Friday, 1 June 2018

Prevention by any other name would smell as sweet

Guest post by Tom Embury, Public Affairs Officer, British Dietetic Association

Next week, June 4th - 8th is Dietitians Week 2018, where the British Dietetic Association and its members and allies celebrate the work of dietitians. This year’s theme is “Dietitians Do Prevention”, which intends to highlight the important role that dietitians have to play in prevention and public health. We know nutrition and hydration underpin so much of our health and getting it right can reduce the impact of illness, aid recovery, or prevent some diseases and conditions altogether.

NHS England’s Five Year Forward View, in the most recent frameworks from NHS Scotland and the Northern Irish Health and Social Care Service and is embodied in the principles of the Wellbeing of Future Generations (Wales) Act.

It has been made clear by everyone from Marmot to the NHS Confederation that we need to strengthen prevention and that it should be everybody’s business. Despite this, many dietitians (and indeed healthcare staff in general) still don’t think of themselves as doing prevention or public health, especially as so many work in hospital settings, delivering acute care. Our recent 2018 member survey has shown that 40% of our members don’t feel that they do prevention or public health activity. This may be because they don’t have the time or resources, despite wishing to do so, but in some cases, it is because they don’t see public health as part of their remit.

Of course, we believe all our members “do prevention” and public health, but not everyone will call it by that name. Indeed, the term public health often seems to have quite a narrow definition, associated with the work of local government public health teams. This is important work, but by no means is that everything public health entails.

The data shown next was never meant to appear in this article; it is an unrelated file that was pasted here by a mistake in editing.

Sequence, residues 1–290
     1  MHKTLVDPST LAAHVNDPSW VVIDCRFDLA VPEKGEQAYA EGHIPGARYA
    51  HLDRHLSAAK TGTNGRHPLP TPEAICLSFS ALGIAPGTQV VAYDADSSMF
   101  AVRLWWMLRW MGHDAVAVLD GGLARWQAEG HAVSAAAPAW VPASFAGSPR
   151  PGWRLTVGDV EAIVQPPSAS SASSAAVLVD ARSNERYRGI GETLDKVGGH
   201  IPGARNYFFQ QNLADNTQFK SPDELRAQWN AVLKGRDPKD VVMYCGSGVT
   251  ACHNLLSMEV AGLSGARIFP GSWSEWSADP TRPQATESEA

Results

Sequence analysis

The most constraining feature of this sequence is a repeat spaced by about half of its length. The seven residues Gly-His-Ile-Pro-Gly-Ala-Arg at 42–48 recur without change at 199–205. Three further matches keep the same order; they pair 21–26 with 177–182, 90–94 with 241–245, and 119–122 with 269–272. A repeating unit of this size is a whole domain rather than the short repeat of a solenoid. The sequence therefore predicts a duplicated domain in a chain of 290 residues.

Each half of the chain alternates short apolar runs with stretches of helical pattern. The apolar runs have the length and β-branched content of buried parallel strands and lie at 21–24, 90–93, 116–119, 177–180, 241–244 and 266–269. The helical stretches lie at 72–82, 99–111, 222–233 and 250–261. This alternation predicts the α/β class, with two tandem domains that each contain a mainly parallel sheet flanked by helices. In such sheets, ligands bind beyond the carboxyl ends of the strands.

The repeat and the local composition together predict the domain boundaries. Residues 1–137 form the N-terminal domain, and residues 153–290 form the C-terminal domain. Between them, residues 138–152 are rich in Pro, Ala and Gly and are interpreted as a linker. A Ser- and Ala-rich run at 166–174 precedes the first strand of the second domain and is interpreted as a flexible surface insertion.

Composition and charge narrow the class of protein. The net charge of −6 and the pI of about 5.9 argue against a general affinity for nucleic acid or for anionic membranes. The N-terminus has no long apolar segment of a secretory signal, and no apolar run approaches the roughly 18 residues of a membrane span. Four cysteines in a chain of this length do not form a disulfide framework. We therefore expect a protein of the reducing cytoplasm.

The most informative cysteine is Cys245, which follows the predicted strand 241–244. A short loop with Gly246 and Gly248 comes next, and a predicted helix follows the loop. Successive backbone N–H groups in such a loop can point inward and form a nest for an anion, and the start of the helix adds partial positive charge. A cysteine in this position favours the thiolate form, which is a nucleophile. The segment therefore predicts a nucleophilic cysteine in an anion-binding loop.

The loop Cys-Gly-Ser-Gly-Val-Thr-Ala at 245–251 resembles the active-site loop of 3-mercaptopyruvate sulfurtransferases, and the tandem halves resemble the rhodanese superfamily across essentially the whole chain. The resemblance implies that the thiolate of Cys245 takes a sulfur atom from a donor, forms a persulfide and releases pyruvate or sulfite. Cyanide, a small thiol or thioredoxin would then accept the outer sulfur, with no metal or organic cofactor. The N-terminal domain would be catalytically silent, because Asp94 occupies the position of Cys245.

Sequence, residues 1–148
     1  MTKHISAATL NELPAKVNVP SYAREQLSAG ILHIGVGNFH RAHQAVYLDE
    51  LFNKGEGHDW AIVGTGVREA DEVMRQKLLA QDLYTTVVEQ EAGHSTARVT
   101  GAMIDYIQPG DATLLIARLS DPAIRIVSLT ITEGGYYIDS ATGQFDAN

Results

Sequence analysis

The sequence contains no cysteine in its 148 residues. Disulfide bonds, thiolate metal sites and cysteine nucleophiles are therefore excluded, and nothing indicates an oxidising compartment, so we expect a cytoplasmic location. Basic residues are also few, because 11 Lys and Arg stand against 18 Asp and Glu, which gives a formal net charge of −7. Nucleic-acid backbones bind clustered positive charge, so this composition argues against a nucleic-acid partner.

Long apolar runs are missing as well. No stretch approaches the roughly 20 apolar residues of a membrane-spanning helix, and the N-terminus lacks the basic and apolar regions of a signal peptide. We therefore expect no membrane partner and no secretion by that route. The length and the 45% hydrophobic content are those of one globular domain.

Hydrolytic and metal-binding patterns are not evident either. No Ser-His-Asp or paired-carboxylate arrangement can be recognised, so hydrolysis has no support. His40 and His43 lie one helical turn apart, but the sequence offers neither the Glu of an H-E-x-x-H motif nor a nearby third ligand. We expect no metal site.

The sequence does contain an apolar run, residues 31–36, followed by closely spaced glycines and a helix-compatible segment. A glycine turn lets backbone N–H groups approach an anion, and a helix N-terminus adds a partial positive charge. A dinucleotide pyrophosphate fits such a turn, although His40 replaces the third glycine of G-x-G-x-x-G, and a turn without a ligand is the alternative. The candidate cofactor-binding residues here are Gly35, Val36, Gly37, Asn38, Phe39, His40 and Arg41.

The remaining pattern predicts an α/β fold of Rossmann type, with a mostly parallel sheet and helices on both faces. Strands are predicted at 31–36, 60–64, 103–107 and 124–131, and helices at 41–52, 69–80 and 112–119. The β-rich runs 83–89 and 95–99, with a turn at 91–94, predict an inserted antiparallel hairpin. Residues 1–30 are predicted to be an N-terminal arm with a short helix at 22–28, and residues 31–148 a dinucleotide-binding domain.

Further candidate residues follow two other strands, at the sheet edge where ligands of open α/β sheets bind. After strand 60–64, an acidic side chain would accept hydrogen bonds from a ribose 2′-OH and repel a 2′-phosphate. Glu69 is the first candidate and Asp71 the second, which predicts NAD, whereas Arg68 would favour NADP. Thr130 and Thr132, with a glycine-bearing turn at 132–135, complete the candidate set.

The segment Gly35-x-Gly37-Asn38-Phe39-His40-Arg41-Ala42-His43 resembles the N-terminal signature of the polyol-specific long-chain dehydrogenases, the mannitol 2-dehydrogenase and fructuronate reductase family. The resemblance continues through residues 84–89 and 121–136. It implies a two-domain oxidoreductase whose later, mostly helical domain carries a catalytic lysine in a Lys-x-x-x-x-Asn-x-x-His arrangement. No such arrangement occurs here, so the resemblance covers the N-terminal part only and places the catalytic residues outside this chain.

This is why, in preparation for Dietitians Week this year, we asked all our specialist groups for their view on how they do prevention. Our specialist groups cover pretty much all of the areas of dietetics - from paediatrics to older people, public health to critical care. What we found is that there are dozens of words and terms used to describe activity that is essentially a form of prevention.

Some were variations, like primary, secondary or tertiary prevention depending on where you work and what types of illnesses your patients have. Others, such as Making Every Contact Count or Healthy Conversations, relate to specific campaigns or initiatives. In areas like Mental Health or Paediatrics, a whole different language can exist. Even rehabilitation or recovery after acute illness is a form of prevention - preventing future episodes, further hospital visits or complications. One great example comes from Fuse itself – the research carried out into the impact of energy drink intake amongst young people has had an impact on national level policy making.

This is why we are trying to celebrate prevention in all its forms and with all its various names. Dietitians are and should to a greater extent be a core part of the public health workforce.

Our incoming Chairman, Caroline Bovey, highlighted this issue with terminology and understanding at our recent Annual General Meeting. She asked the crowd of over 100 dietitians to raise their hands if they were involved in public health. Some hands went up but they were definitely in the minority. She then asked who had a twitter account where they talked about diet and nutrition – far more hands shot up. “You are all”, she said, “doing public health dietetics”.

So, whether you’re having a healthy conversation or making every contact count, supporting rehabilitation or reducing hospital admissions, celebrate the way that you do prevention. We can’t let the terminology get in the way of sharing best practice or spreading good ideas. We’d love you to tell us about it as part of Dietitians Week! Get in touch via

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